This study investigated the effects that a form fitted, moisture-wicking fabric shirt, promoted to have improved evaporative and ventilation properties, has on the physiological and perceptual responses during exercise in the heat. Ten healthy male participants completed two heat stress tests consisting of 45 min of exercise (50% VO2peak) in a hot environment (33 °C, 60% RH). One heat stress test was conducted with the participant wearing a 100% cotton short sleeved t-shirt and the other heat stress test was conducted with the participant wearing a short sleeved synthetic shirt (81% polyester and 19% elastane). Rectal temperature was significantly lower (P < 0.05) in the synthetic condition during the last 15 min of exercise. Furthermore, the synthetic polyester shirt retained less sweat (P < 0.05). As exercise duration increases, the ventilation and evaporation properties of the synthetic garment may prove beneficial in the preservation of body temperature during exercise in the heat.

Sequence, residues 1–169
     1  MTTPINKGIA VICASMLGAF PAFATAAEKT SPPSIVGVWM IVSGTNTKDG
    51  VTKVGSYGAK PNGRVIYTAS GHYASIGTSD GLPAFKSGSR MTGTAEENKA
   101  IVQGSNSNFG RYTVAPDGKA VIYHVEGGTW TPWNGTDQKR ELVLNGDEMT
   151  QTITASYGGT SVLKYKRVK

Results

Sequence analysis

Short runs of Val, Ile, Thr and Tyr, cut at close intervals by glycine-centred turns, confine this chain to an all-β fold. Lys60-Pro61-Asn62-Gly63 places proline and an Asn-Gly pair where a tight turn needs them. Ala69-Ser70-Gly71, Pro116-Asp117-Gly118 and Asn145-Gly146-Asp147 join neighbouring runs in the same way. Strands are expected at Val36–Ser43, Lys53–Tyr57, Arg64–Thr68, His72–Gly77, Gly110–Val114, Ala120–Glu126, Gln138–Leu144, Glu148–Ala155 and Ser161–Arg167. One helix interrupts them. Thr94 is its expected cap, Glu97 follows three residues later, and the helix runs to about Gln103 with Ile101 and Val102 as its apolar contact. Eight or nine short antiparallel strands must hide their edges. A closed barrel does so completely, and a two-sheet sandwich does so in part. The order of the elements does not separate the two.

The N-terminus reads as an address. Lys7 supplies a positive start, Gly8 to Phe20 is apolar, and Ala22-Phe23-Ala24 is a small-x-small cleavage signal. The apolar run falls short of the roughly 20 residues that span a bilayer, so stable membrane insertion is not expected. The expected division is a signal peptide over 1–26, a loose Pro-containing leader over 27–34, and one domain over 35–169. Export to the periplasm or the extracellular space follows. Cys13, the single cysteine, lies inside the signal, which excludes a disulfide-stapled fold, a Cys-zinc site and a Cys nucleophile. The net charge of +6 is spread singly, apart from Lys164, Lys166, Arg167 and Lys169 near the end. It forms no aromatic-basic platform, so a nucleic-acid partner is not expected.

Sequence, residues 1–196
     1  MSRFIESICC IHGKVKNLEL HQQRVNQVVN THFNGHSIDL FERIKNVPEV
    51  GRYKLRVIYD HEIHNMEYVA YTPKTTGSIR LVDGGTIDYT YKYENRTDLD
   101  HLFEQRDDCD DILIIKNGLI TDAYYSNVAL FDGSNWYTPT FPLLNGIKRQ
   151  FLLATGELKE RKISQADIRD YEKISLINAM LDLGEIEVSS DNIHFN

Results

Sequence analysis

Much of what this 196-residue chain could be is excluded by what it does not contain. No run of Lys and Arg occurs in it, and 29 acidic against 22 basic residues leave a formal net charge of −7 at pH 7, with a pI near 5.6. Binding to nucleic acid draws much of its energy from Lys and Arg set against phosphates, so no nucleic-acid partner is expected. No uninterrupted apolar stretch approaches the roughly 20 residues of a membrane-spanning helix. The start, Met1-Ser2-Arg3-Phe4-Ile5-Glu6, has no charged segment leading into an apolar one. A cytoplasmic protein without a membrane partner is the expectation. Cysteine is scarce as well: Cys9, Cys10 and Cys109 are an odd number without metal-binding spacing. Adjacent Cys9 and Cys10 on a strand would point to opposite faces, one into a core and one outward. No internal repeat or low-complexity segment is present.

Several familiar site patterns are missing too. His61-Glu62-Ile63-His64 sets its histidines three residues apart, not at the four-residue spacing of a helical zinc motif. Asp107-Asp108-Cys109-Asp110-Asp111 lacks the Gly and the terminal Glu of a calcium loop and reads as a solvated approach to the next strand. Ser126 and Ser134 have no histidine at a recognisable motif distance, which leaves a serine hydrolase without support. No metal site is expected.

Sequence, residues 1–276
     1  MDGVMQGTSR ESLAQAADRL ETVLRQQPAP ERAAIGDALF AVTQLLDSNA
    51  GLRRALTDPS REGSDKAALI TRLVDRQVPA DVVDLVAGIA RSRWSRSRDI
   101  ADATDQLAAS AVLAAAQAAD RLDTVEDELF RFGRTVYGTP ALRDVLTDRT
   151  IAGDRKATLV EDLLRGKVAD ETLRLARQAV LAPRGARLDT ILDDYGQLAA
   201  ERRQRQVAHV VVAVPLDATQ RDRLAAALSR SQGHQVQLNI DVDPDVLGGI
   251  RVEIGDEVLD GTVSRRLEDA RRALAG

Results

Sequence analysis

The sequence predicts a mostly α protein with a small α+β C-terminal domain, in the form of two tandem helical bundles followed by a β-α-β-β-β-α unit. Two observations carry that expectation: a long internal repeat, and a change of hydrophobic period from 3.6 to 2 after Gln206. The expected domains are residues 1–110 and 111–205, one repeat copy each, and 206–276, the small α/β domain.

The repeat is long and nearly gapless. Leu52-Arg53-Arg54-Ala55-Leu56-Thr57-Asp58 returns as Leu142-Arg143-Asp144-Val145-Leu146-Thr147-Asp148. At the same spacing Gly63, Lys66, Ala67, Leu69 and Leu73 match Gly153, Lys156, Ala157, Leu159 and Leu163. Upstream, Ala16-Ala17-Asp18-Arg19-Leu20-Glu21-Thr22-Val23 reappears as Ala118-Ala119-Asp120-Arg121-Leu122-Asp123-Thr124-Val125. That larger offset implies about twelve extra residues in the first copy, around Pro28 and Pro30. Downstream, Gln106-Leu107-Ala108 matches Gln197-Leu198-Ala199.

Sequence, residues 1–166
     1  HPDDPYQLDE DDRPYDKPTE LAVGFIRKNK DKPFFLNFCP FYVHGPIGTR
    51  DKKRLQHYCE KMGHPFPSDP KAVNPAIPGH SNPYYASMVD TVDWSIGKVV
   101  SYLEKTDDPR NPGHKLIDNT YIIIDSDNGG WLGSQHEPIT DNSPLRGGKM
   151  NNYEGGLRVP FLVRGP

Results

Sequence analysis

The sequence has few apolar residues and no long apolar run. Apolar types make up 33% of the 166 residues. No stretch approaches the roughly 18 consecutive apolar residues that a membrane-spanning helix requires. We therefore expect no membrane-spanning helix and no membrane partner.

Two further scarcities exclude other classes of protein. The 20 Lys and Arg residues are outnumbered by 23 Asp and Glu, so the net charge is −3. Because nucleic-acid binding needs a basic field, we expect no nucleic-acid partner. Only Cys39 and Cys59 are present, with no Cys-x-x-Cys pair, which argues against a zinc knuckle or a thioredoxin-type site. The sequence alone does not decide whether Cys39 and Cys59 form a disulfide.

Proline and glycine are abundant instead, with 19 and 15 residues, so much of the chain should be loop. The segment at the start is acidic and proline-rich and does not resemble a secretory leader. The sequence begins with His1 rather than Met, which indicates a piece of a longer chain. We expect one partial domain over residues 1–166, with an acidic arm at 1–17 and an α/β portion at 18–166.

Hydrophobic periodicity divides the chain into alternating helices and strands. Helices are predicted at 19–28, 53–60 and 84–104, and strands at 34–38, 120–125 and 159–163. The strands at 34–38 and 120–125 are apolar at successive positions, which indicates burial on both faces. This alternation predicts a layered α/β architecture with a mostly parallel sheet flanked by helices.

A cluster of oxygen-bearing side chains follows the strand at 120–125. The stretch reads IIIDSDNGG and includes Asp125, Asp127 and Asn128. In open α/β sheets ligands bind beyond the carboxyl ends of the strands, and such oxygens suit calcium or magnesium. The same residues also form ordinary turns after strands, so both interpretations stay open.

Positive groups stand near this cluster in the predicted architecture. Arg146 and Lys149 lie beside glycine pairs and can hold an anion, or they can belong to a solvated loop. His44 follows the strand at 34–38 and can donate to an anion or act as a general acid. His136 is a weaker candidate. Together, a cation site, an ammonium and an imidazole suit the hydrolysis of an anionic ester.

Keywords: Clothing; Exercise; Heat.
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